We beg, therefore, to submit these matters for the consideration of the Church, seeking thus to promote unity of practice while respecting the liberty of all.
On behalf of the Ministers and Licentiates of the New Church in Lancashire and Yorkshire.-- We are, dear Sir, yours very faithfully,
RICHARD STORRY, President pro, tem.
We have inserted this letter in deference to the wishes of the intelligent and influential body from which it proceeds. It appears to us to be, however, liable to one objection. Any address to the General Church recommending to its several congregations the consideration and adoption of even certain forms of external worship should proceed from the General Conference, which alone has general functions. By no other means can we expect to obtain that unanimity which the authors of this manifesto desire. For if one local association thinks
Does the New Church Descend from Heaven or not? 131
it right to recommend one thing, any and every other local association may think it right to recommend another, and then, instead of unanimity, we should have conflict and confusion. The practice of congregations articulating the Lord's Prayer (for kneeling and responding are already directed in the rubric of the Conference Liturgy) may, however, be usefully recommended to the thoughtful attention of the Church, as a means of preparing for its consideration, and perhaps for its sanction and recommendation, by the Conference. -ED, I. R.)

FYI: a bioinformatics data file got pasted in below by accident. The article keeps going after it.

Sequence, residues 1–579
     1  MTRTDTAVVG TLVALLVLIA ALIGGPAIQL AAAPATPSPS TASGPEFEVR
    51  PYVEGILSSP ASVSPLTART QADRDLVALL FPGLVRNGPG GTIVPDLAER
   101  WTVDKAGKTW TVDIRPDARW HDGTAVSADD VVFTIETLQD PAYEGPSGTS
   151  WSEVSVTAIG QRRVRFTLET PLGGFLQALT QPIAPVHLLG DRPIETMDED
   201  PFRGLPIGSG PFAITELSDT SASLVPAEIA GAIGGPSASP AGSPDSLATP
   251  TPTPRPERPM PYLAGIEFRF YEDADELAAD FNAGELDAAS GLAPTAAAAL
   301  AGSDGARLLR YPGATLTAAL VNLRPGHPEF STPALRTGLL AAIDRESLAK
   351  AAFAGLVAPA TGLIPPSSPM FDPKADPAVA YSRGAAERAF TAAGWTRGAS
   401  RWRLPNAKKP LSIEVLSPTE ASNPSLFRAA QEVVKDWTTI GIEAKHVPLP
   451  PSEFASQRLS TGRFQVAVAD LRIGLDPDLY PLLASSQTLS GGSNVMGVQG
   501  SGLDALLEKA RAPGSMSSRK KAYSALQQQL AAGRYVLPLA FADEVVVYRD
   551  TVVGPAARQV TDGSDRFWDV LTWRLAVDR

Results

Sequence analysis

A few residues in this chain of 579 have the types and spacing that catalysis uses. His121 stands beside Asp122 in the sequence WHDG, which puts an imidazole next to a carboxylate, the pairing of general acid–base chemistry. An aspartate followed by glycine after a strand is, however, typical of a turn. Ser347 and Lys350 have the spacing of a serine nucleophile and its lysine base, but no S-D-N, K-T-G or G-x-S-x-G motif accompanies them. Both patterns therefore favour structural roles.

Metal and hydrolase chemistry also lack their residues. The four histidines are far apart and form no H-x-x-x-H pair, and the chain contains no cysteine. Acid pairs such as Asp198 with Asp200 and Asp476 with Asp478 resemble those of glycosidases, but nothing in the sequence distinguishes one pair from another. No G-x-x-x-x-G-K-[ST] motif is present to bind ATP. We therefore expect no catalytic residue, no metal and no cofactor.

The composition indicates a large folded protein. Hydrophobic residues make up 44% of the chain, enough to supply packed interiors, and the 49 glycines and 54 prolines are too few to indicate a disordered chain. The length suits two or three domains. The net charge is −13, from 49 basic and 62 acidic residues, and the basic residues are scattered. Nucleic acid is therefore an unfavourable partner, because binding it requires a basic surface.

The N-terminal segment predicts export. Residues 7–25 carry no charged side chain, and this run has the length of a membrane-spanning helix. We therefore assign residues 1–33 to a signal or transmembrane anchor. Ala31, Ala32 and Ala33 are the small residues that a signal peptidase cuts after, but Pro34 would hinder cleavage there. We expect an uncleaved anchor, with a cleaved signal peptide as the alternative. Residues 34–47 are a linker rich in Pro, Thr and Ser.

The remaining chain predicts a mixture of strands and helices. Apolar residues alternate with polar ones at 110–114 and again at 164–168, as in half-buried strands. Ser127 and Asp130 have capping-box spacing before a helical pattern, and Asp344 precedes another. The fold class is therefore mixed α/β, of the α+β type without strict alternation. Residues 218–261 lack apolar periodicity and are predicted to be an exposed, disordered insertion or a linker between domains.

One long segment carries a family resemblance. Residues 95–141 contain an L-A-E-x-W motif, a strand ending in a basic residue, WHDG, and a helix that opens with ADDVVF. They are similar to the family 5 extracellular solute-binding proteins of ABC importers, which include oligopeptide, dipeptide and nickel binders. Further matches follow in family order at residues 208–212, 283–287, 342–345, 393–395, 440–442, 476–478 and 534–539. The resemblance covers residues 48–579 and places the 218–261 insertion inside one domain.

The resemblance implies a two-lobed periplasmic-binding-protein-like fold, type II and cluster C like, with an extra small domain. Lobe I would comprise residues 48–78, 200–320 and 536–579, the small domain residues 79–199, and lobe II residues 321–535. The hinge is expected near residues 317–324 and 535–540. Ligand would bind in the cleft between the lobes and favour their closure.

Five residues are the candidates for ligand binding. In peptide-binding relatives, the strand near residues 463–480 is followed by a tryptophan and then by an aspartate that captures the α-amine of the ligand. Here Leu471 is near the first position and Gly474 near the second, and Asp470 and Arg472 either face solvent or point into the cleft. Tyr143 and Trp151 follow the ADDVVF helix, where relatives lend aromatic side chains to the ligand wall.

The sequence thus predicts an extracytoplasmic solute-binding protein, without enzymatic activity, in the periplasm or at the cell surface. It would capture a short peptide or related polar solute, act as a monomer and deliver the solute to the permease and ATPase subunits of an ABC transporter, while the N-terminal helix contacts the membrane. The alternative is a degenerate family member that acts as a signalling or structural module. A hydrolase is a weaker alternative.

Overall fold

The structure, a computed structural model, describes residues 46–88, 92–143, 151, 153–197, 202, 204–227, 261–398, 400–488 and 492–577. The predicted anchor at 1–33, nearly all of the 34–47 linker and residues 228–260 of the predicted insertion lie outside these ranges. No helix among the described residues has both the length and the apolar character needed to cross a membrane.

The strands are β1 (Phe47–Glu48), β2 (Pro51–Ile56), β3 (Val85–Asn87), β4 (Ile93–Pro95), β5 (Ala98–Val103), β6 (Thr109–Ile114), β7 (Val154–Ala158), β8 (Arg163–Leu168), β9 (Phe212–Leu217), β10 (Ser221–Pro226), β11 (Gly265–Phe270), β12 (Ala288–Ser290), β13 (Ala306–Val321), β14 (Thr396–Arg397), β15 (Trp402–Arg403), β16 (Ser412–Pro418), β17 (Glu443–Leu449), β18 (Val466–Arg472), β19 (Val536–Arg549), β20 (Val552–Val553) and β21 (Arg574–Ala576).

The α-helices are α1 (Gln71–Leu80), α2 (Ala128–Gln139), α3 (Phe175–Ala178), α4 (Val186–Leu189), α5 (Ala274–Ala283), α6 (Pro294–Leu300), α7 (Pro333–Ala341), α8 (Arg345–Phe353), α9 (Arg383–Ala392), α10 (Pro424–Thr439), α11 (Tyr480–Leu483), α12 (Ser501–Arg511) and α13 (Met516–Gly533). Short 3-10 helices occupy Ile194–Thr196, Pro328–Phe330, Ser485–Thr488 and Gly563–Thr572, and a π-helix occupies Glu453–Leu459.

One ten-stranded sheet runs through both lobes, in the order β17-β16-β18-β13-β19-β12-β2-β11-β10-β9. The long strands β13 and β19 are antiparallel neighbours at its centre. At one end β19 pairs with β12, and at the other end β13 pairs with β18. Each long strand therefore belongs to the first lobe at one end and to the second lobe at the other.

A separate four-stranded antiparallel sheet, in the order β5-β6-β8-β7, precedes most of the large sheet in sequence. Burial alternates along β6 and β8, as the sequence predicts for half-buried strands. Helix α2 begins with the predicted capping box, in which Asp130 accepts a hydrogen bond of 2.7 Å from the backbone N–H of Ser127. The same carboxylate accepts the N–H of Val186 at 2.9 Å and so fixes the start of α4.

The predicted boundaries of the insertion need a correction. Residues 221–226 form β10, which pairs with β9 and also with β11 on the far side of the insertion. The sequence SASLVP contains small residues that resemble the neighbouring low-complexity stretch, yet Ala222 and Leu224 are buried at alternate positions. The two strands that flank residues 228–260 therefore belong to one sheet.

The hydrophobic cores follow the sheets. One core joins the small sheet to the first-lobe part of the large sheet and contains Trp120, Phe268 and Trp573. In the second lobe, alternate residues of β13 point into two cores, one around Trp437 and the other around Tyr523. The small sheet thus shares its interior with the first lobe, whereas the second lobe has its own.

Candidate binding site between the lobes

DOES THE NEW CHURCH DESCEND FROM HEAVEN OR NOT?
To the Editor of the “Intellectual Repository." SIR, I have carefully read over the reply of Dr. Tafel to my previous letter, but must confess that I think he has not fully met the point which I raised. I quite admit, along with all New Church students, that a “ city” represents “doctrine," and that by the "holy city New Jerusalem " is meant the "New Church as to its doctrine ;" but I cannot forget that all the gorgeous descriptions which crowd the two last chapters of the Apocalypse are descriptions of this “New Jerusalem"2" coming down from God out of heaven, prepared as a bride adorned for her husband"__"descending out of heaven from God, having the glory of God." We must read these descriptions in their spiritual sense as a whole, and then we shall find that the origin of the Lord's New Church is a heavenly one, and that, unless heaven does indeed descend by influx into human minds. the New Church can never be built up.